- For expanded family and medical leave: as of April 1st 2021, any employee who loses wages due to one of the qualifying reasons listed below, and has been employed at least 30 days
- Qualifying reasons:
- The employee is subject to a federal, state or local quarantine or isolation order related to COVID–19.
- The employee has been advised by a health care provider to self-quarantine due to concerns related to COVID–19. NOTE: if the employer is a health care provider (doctor, dentist, nurse, etc.) then they are not considered a “health care provider” in the context of this qualifying reason. They are simply the “employer.” This qualifying reason applies to the employee’s personal treating physician, another treating physician, or similar personal health care provider who is advising the employee.
- The employee is experiencing symptoms of COVID–19 and seeking a medical diagnosis.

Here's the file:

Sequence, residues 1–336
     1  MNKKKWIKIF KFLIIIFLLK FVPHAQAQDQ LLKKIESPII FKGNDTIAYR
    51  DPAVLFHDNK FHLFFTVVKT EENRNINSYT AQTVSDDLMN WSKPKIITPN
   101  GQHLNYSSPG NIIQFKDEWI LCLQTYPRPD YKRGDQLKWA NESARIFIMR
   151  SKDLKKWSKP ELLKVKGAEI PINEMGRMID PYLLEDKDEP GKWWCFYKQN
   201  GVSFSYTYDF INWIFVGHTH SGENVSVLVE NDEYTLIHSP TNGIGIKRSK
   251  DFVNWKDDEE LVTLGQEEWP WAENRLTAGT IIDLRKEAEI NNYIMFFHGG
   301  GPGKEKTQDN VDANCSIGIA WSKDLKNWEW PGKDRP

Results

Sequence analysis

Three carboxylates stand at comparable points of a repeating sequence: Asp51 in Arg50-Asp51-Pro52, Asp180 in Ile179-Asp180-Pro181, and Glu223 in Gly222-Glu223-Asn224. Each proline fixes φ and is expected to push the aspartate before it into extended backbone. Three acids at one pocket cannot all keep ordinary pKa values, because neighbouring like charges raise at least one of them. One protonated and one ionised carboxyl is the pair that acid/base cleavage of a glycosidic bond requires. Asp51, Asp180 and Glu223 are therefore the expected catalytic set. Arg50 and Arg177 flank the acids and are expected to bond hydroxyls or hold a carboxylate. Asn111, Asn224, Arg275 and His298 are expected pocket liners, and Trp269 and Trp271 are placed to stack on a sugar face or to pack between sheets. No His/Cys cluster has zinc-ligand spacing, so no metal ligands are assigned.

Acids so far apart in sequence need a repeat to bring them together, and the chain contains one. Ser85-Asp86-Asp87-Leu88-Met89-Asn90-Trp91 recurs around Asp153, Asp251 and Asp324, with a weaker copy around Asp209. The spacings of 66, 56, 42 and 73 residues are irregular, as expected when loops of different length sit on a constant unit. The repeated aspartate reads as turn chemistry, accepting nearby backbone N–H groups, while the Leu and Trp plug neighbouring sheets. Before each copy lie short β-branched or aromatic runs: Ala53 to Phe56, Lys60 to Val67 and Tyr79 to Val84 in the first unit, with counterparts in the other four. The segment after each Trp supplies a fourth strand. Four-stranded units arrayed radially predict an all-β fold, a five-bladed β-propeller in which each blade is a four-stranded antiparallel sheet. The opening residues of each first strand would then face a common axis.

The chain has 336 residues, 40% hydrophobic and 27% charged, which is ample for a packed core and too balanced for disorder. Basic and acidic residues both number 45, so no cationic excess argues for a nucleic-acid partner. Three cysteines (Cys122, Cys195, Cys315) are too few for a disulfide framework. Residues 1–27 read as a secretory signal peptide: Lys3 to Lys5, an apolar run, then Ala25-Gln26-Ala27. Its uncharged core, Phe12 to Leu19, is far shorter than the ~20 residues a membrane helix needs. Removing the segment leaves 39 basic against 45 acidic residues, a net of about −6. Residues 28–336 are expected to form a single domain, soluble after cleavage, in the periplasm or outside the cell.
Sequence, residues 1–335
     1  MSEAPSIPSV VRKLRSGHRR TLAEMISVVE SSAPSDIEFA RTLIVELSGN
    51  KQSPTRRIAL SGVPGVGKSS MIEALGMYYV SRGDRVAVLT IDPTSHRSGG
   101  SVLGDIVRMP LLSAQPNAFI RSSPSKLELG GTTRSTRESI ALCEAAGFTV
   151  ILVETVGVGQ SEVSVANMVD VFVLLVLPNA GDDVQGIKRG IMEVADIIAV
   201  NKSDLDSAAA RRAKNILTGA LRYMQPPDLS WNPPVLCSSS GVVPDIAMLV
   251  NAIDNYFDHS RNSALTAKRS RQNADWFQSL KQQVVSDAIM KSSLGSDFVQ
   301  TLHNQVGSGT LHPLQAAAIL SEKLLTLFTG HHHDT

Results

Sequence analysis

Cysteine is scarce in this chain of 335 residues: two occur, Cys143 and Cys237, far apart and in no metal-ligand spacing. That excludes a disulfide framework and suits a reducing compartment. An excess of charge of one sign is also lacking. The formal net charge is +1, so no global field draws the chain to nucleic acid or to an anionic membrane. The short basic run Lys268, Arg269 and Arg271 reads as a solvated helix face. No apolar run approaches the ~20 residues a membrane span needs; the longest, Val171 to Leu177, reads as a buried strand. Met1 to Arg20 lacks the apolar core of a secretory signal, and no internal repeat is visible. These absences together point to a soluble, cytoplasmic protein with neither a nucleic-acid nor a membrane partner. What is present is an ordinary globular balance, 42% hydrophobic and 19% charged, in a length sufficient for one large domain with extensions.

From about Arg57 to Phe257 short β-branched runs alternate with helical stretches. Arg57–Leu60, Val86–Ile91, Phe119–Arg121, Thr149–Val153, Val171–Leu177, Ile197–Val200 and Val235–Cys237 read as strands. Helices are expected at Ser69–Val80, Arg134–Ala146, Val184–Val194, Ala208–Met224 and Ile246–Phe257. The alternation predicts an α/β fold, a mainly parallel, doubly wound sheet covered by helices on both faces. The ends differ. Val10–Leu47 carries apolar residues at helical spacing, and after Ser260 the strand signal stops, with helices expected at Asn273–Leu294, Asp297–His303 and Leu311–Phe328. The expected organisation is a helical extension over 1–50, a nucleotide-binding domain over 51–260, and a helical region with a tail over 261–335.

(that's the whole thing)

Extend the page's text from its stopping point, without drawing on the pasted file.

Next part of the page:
- The employee is caring for an individual who is subject to either number 1 or 2 above.
- The employee is caring for his or her child if the school or place of care of the child has been closed, or the child care provider of such child is unavailable, due to COVID–19 precautions.
- The employee is experiencing any other substantially similar condition specified by the secretary of health and human services in consultation with the secretary of the treasury and the secretary of labor.
- [NEW, effective April 1, 2021] Time off necessary to receive a COVID-19 vaccine.
- [NEW, effective April 1, 2021] Time off necessary to recover from any illness or condition related to the COVID-19 vaccine.
- [NEW, effective April 1, 2021] Time off necessary for seeking or awaiting the results of a COVID-19 diagnosis or test if either the employee has been exposed to COVID-19, or the employer requested the test or diagnosis.
Step 2: Leave Request Form